Advanced Air Mobility (AAM) is happening worldwide. It’s easy to gather global information, but it’s worth zooming in on Canada to see what is happening in the country. And that’s what this three-part series will do. The first part focused on companies. The second part focused on academia. And this third and final part will focus on people because AAM, like any other field, is only as strong as the people involved.
So please fasten your seatbelts and return your tray table to its full upright and locked position; we’re ready to take off.
AAM in Canada: Part 3: Jo-Anne Tabobandug
As the Northern Lights Aero Foundation writes in its wall of fame,
Jo-Anne is the Dean of Aviation at the First Nations Technical Institute (FNTI) in the Tyendinaga Mohawk Territory. FNTI delivers the only Indigenous post-secondary Aviation program in Canada, serving First Nations, Metis and Inuit people from coast-coast-coast. Jo-Anne graduated from the program in 1992 and has flown for the company Charter service and held the position of Chief Flight Instructor for 14 years. As Dean of Aviation, she oversees the Flight Training Unit, Academic department, and the Approved Maintenance Organization. A champion of students and the Bear clan of the Mohawk Nation, Jo-Anne ensures a cooperative, inclusive, and culturally relevant class environment and creates learning and employment opportunities by building strong partnerships throughout the aviation industry.
Tabobandug figures in the wall of fame because in 2021, she was the recipient of the Elsie Macgill Education Award given by the foundation.
In an interview with Bruce Bell, Tabobandug explained her reaction when hearing she’d won,
A colleague and a student nominated me, which was a huge process […] But I’ve been to the gala before, and usually, the recipients are doctors or aerospace engineers, so I didn’t think I would be selected from a group like that. It was just so nice that they would take the time and make such a huge effort to nominate me. I was so excited when I was told I would receive the award.
Tabobandug is living proof that by giving equal opportunity, indigenous women can thrive. And that they will use their success to inspire others, as she does in the First Peoples’ Aviation Technology: Flight program that historically has more than 35% female students. Tabobandug also participated in the 2021 Canadian Advanced Air Mobility Consortium (CAAM) Uplift Event: Indigenous Peoples in AAM: Where is the opportunity? And the organization was thrilled to have her as a speaker sharing her knowledge with all the attendees.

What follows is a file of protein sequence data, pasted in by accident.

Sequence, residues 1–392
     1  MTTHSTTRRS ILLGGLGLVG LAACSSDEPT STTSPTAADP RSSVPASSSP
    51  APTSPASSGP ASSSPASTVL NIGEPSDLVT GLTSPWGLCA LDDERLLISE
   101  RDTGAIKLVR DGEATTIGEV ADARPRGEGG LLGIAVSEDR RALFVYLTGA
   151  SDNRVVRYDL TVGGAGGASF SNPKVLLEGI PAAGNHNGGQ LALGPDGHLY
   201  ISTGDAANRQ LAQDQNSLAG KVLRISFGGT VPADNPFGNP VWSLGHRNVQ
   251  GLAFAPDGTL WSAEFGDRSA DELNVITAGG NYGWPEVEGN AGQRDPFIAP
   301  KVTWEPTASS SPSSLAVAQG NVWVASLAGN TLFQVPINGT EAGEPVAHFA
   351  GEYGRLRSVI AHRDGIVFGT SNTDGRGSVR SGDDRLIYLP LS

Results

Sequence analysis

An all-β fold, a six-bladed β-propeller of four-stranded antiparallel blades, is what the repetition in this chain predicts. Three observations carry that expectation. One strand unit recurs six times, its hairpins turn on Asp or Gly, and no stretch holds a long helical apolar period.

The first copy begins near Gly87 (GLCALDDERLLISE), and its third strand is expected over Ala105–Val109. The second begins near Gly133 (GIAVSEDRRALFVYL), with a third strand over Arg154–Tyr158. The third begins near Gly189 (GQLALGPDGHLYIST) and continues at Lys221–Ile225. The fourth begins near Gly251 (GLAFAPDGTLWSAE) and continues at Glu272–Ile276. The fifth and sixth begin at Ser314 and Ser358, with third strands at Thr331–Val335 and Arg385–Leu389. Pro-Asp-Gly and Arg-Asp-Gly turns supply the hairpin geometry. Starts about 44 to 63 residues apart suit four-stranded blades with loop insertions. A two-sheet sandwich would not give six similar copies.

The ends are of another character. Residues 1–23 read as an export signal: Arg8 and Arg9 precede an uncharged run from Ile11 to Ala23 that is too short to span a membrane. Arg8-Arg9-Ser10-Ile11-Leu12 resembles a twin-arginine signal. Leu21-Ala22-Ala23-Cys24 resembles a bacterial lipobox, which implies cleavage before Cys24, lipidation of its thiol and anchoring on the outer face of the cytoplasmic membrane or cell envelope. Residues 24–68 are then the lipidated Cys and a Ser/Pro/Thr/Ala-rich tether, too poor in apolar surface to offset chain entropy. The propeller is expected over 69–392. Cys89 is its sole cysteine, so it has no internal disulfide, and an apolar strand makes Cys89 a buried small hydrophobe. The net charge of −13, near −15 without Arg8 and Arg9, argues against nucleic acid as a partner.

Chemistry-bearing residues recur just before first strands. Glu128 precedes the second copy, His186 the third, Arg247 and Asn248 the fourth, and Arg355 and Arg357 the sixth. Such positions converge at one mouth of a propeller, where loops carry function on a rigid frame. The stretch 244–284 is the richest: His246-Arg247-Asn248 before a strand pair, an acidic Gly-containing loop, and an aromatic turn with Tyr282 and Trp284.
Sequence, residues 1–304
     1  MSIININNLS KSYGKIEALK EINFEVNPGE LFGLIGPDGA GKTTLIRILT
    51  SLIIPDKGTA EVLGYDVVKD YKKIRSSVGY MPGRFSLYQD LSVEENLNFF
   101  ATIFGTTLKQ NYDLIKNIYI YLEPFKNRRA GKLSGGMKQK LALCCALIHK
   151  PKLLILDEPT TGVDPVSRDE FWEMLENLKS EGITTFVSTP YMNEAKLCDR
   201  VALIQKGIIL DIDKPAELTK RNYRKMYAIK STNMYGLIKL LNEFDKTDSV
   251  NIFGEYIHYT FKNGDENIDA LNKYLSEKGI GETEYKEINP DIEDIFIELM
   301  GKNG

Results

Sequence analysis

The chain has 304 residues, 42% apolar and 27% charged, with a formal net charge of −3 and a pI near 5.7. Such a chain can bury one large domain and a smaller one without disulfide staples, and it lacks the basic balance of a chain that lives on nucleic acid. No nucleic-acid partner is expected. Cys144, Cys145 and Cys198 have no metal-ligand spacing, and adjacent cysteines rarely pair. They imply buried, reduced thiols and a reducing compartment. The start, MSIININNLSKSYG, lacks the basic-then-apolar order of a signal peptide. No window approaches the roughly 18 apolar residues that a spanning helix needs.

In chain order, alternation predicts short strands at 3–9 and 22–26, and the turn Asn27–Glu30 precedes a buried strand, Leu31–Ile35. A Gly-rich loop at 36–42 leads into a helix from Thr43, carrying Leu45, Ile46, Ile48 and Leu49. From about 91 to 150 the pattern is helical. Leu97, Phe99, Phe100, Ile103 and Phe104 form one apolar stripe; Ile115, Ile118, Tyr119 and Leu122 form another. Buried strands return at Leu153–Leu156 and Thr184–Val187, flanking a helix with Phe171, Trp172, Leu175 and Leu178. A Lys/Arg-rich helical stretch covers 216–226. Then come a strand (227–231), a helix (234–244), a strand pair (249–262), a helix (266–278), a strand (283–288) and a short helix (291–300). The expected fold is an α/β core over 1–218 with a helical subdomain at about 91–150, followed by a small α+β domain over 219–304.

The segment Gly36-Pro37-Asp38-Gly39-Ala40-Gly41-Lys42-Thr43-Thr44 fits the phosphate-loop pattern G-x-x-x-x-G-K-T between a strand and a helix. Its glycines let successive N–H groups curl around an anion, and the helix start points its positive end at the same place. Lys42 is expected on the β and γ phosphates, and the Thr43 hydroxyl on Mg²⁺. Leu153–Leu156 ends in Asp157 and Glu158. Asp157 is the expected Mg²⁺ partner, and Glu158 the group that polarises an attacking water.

AAM in Canada: Part 3: Alisha Sohpaul
In March 2019, Teara Fraser made history by becoming the first Indigenous woman in Canada to launch her airline, Iskwew Air. Consequently, Iskwew Air made history by becoming the first airline owned and operated by an indigenous woman.
But making history once isn’t enough for Fraser and Iskwew Air; in 2021, the company officially became an Aircraft Maintenance Organization (AMO)—meaning that the company is certified to fix others’ aircraft. And the person chosen to lead this new venture was Alisha Sohpaul.
Representation matters. I recently became the person responsible for maintenance at Iskwew Air, and it was such an emotional moment once I heard I had passed my exam. At that moment, with tears running down my face, I knew that 1. this was bigger than me and 2. we had just opened the door for so many women who might have thought they could not hold the same title. […] When people see someone that looks like them, it can really help them realize they can do this too,” she said. Aircraft maintenance is not a common job that you hear about at your average career fair, so it’s so important to me that I not only represent women in my field but encourage young females to pursue careers in aviation.
Sohpaul is a licensed M1 & M2 Aircraft Maintenance Engineer and is proud to be one of the 2% of female Aircraft Maintenance Engineers (AME) in Canada. She has been working in the industry for the past eight years and is passionate about giving back to the industry by encouraging young females to pursue careers in aviation. She’s a mentor with Elevate Aviation. Sohpaul also serves on the Youth Engagement Committee with the British Columbia Aviation Council.
Sohpaul’s day-to-day work at Iskwew, plus all the effort she puts into mentoring and serving on the Youth Engagement Committee of the British Columbia Aviation Council, help to create a more diverse, equal, and inclusive aviation community. And her endeavours truly help the aviation community as a whole, not only specific jobs,
I think we need to start informing girls at a young age about these different career options. The issue is that young girls aren’t being exposed to this side of aviation. Like myself, I didn’t even know this was a career, let alone a career option for women. When people think about aviation, they tend to think about pilots and flight attendants as the only careers, but that’s not the case. I think shedding more light on the uncommon careers (ex: air traffic controller, maintenance controller & AME) and having female representation at career fairs or just showcasing women within companies is also super important.
Iskwew Air is a founding member of CAAM. The organization couldn’t be prouder of everything these force-of-nature women such as Fraser and Sohpaul are doing for aviation and the whole world.
Those are only two, among many, women building, planning, and changing for the best AAM in Canada.
And with that, this three-part series is over. If you liked it, consider reading the six-part Comprehensive Guide to AAM or explore the learning section of the CAAM website.
And please, don’t forget to fasten your seatbelts and return your tray table to its full upright and locked position; we’re taking off.
By Giovani Izidorio Cesconetto